Greeley Police Officer Steve Brown stands in the hallway during passing periods at Northridge High School in Greeley, Colo. on Oct. 21, 2016. While school resource officers, like Brown, are expected to handle responsibilities like any police officer they're faced with unique challenges working day-to-day in schools
Greeley Police Officer Steve Brown stands in the hallway during passing periods at Northridge High School in Greeley, Colo. While school resource officers, like Brown, are expected to handle responsibilities like any police officer, they're faced with unique challenges working day-to-day in schools.
Joshua Polson/The Greeley Tribune/AP
School Climate & Safety Explainer School Resource Officers (SROs), Explained
Stephen Sawchuk, November 16, 2021
13 min read

School resource officers reduce fights and attacks, but not gun offenses

The results of the most recent study give district leaders much to consider when evaluating schools’ SRO programs, the researchers concluded.

On one hand, SROs do meet some of their objectives, like reducing a “non-trivial number of” fights and attacks, which could have long-term benefits by reducing students’ exposure to violence and academic disruptions.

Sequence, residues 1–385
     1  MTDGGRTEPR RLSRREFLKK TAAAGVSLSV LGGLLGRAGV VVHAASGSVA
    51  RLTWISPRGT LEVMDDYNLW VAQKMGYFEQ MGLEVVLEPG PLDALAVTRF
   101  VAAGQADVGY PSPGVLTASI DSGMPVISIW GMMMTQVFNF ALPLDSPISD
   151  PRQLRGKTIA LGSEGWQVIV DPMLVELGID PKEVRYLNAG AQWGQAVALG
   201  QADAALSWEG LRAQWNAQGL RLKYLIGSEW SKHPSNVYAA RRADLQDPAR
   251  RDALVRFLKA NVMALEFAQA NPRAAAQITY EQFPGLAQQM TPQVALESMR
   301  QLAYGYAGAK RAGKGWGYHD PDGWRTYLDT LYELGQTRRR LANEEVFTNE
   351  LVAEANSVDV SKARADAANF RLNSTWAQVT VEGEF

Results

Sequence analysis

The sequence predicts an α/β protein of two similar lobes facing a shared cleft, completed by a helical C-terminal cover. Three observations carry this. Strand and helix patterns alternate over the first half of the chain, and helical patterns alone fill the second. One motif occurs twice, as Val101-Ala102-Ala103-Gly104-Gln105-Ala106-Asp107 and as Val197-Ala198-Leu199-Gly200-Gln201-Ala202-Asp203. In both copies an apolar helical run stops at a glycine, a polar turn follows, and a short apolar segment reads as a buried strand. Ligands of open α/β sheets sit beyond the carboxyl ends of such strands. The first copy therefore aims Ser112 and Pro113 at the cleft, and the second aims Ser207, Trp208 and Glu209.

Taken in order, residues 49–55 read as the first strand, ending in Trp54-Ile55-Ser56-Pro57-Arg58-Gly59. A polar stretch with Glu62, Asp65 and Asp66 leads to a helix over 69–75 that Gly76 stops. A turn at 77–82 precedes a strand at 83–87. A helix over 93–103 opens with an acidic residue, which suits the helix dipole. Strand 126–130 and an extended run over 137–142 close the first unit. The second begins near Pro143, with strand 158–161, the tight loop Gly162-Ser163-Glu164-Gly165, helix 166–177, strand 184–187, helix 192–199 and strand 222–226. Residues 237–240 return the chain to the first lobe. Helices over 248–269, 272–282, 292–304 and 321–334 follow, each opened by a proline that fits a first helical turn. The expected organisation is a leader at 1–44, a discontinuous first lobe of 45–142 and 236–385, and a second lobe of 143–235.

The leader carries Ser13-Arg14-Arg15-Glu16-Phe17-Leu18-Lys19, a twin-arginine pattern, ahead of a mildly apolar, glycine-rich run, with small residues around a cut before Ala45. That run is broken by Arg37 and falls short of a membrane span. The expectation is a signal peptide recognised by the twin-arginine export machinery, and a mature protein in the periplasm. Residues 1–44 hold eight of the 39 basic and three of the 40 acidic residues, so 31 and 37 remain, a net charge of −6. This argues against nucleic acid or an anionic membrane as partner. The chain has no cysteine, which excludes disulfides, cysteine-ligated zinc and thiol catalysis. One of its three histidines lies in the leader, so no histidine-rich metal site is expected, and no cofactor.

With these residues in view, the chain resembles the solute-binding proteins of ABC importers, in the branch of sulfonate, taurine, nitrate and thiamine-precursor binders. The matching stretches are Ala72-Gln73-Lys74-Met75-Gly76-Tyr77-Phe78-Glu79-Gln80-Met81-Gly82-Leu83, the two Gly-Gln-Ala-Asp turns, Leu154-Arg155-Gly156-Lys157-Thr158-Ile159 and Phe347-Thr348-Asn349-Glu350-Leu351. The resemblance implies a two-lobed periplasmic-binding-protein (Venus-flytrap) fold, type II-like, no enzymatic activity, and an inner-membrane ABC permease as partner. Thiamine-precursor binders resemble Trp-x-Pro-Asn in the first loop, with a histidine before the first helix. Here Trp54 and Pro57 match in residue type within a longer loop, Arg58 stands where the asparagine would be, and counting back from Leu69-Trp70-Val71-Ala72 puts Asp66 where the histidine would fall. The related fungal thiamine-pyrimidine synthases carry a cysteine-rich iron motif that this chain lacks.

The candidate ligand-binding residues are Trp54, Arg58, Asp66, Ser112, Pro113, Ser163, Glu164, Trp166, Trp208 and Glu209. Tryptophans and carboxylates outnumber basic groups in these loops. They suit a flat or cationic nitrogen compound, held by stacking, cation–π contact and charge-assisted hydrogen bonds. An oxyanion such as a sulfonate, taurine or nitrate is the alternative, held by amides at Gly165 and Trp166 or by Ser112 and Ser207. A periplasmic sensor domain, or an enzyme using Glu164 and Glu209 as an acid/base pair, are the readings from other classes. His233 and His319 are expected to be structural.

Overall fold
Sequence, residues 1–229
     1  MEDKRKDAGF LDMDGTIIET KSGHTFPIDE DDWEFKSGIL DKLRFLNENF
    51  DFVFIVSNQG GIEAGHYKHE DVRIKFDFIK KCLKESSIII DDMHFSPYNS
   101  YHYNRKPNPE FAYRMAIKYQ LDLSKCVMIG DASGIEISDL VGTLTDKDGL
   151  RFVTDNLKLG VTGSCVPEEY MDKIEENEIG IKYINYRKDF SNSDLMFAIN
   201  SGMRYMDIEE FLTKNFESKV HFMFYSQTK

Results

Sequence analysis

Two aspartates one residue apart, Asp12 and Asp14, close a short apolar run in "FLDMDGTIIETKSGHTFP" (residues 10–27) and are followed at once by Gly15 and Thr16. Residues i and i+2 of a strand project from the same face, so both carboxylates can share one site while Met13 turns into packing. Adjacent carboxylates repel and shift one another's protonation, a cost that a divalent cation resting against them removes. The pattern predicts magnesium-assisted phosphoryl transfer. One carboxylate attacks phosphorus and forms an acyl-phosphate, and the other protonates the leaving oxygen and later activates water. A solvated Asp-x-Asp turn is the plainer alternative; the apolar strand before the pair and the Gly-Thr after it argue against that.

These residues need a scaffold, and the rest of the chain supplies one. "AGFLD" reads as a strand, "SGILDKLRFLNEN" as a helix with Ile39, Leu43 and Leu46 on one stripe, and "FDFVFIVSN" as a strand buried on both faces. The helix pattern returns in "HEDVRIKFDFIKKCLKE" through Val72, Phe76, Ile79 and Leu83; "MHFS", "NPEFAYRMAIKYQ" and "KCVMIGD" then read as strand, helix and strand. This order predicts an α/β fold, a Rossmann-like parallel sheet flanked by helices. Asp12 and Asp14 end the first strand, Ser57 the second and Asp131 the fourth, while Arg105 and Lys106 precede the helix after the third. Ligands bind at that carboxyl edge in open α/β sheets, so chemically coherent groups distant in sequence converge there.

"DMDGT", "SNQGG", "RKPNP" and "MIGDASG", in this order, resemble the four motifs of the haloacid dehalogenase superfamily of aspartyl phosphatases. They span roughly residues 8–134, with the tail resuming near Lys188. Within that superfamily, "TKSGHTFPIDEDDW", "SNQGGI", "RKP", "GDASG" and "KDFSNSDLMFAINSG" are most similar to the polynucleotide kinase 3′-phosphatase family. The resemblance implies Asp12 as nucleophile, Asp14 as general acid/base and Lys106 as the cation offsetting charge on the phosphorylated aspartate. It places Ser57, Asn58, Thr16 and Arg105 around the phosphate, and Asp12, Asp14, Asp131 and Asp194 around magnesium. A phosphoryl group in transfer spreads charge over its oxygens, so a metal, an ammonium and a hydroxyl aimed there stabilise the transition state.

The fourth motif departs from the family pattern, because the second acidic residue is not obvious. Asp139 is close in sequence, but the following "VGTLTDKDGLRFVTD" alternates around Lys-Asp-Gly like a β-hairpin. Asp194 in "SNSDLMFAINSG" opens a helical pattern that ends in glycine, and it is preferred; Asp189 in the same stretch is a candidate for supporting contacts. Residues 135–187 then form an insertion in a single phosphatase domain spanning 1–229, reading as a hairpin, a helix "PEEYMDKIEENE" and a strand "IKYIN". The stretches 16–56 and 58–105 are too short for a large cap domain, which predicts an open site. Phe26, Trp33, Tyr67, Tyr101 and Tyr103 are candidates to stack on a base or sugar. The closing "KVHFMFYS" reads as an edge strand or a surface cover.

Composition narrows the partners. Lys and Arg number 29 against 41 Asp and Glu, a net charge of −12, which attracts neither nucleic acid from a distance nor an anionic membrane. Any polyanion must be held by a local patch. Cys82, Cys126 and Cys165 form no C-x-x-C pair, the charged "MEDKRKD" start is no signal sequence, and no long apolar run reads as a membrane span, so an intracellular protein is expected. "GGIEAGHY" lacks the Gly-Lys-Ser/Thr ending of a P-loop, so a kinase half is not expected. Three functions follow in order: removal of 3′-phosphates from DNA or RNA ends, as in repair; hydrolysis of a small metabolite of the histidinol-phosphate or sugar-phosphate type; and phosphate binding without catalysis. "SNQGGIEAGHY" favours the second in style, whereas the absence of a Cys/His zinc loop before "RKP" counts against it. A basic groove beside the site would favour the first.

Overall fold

But on the other hand, the researchers “find no evidence that SROs reduce more serious gun-related offenses,” and their presence can lead to harsher discipline for minor infractions, which can also have long-term negative consequences, particularly for Black students and students with disabilities.

“We do see some evidence that they’re meeting some of their goals, but then we also see this series of potentially unintended consequences where they’re making the school environment more punitive,” Sorensen said.

With that in mind, Sorensen suggested that schools that do have SROs establish clear memorandums of understanding with the police agencies that tend to employ them to outline the officers’ roles. Specifically, it’s important to detail in what situations the officers are to be involved in student discipline, if at all.

“I think having that type of accountability could potentially avoid some of these disciplinary consequences we’re seeing of having SROs in schools,” Sorensen said.

See Also

A police officer walks down a hall inside a school
Collage by Vanessa Solis/Education Week (images: Michael Blann/Digital/Vision; Kristen Prahl/iStock/Getty Images Plus )